One year later
After many turbulent years, blink-182 released their newest album Nine, on September 20, 2019. It wasn’t easy for Mark Hoppus, Travis Barker and Matt Skiba. After California in 2016, the fans were skeptical of the new direction the band was heading. The song “Blame It On My Youth” was the first song released, and people were still skeptical; the song contains more pop than punk influences. In a smart move, blink-182 next released “Generational Divide.” A short, fast-paced song that is punk through and through. Lines like “Are we better now?” seem to be directed directly to those critical voices and managed to shut them up. But how did the album in its entirety hold up a year later?
First up, “The First Time,” a song that shows a mature blink-182, but yet they keep their youthful spirits. Matt Skiba and Mark Hoppus share the vocals on this song, and both give their all to show the fans, “There ain’t nothing like the first time.” The first times just hit a little different than any other time. While most other song feature Matt Skiba’s vocals, “Happy Days” is just Hoppus. A longing for better, happier times makes the song almost too real. Now in 2020, the song’s video was nominated for a VMA. The video featured fans doing their best during Quarantine; this song, unknowingly, has the potential to be the anthem of this pandemic, when pretty much everyone longs for some “Happy Days.”
Knowing to be a non-political band, which means they don’t make political songs, the next song could be interpreted as one. “Heaven” hits hard, with the potential to be a tearjerker. In 2018, a mass shooting occurred only two miles away from drummer Travis Barker’s home. The shooting at Borderline Bar and Grill in Thousand Oaks costs 12 lives. Knowing the sad reality of the song takes it to another level. Skiba’s line, “Make a wish that you’ll get a chance to say goodbye/ Before the shots ring out in the dead of night” is gut-wrenching.
The next track might help to take a breather. “Darkside” is mainly focused on Skiba’s vocals, and he gives everything. The song is catchy and so easy to scream along to in the car. Even a year later, that song doesn’t get old. “Blame It On My Youth” can barely keep it up with the previous track, but features another catchy chorus. “Generational Divide” and the good old question “Are we better now?” Safe to say, yes, it is better now. “Run Away” is dark and gloomy, maybe an influence of Skiba, who is known for being a little more gothic than the rest of the band. It is to say, the song does remind listeners of the Untitled album, which is famous for being dark and emo-like. Maybe this fits even for the next song, “Black Rain.” Skiba’s vocals start off the song; they seem lost and hopeless, but when Hoppus takes over, the song wins on speed, and the typical drums of Barker match perfectly.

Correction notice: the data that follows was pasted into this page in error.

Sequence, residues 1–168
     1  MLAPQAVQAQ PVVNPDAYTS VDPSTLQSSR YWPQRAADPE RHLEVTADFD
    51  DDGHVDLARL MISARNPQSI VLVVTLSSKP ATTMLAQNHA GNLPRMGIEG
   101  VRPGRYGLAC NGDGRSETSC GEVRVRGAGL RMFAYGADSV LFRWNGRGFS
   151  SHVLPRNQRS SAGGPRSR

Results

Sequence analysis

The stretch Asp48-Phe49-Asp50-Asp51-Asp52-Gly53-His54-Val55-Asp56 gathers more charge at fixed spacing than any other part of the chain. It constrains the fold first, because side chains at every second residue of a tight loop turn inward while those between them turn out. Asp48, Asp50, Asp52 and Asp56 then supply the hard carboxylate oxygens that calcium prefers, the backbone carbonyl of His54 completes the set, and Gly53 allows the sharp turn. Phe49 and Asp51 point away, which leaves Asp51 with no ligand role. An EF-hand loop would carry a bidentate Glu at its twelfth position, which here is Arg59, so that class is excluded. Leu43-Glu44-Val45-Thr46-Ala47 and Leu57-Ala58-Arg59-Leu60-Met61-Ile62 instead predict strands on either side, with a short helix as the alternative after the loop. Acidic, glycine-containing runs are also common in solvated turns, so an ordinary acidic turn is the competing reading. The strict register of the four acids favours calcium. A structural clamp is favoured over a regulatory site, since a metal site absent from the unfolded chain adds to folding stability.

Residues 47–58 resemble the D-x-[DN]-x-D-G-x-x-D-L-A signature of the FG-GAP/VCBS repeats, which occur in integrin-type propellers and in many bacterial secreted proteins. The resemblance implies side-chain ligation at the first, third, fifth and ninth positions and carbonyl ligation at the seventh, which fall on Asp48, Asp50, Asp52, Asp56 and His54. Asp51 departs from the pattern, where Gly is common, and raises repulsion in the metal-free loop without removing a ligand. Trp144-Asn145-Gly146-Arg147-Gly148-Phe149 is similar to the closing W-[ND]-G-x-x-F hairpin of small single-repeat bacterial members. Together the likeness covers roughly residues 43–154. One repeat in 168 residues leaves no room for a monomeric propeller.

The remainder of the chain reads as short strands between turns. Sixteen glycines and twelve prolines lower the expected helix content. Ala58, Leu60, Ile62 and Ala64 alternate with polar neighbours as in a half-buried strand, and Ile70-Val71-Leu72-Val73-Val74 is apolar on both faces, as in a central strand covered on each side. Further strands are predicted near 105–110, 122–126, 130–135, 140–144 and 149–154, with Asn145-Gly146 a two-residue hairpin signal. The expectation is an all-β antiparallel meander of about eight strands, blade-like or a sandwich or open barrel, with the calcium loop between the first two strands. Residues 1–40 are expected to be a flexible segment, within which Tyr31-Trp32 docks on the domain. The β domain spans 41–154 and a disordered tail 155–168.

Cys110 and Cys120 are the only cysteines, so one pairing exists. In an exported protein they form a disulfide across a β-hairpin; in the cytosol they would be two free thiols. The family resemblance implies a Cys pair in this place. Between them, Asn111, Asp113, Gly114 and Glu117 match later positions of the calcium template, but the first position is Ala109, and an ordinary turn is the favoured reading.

A classical dilemma awaits the listener with “I Really Wish I Hated You.” Love/hate relationships are way too real and so brilliantly expressed in the song. “Pin The Grenade” has these typical blink-182 vibes. It’s fast and slow in just the right places. The drums are the cherry on top. The only thing missing on the album so far is the “na na na’s.”
Coming to an absolute highlight on the album, “No Heart To Speak Of.” Mainly focused on Skiba’s vocals, there is just one thought that comes to mind, the passion in the vocals are a blessing for the album. Skiba just went there, reaching deep inside and letting it all out. The next track, “Ransom,” has a certain surprise factor. It starts slow and then all of a sudden, the song explodes in a fast rhythm and hard beats. “On Some Emo Shit” is probably the best song title on the entire album. “Hungover You” and “Remember To Forget Me” are the last to songs, but they are certainly highlights on the album. Both songs overflow with emotions, very different, but just so raw, it is hard not to love these songs.
Nine shows how much blink-182 grew, musically and lyrically. The songs have depth, and some are catchy and fun like the fans know blink-182 to be. Even a year later, the album hasn’t lost its magic.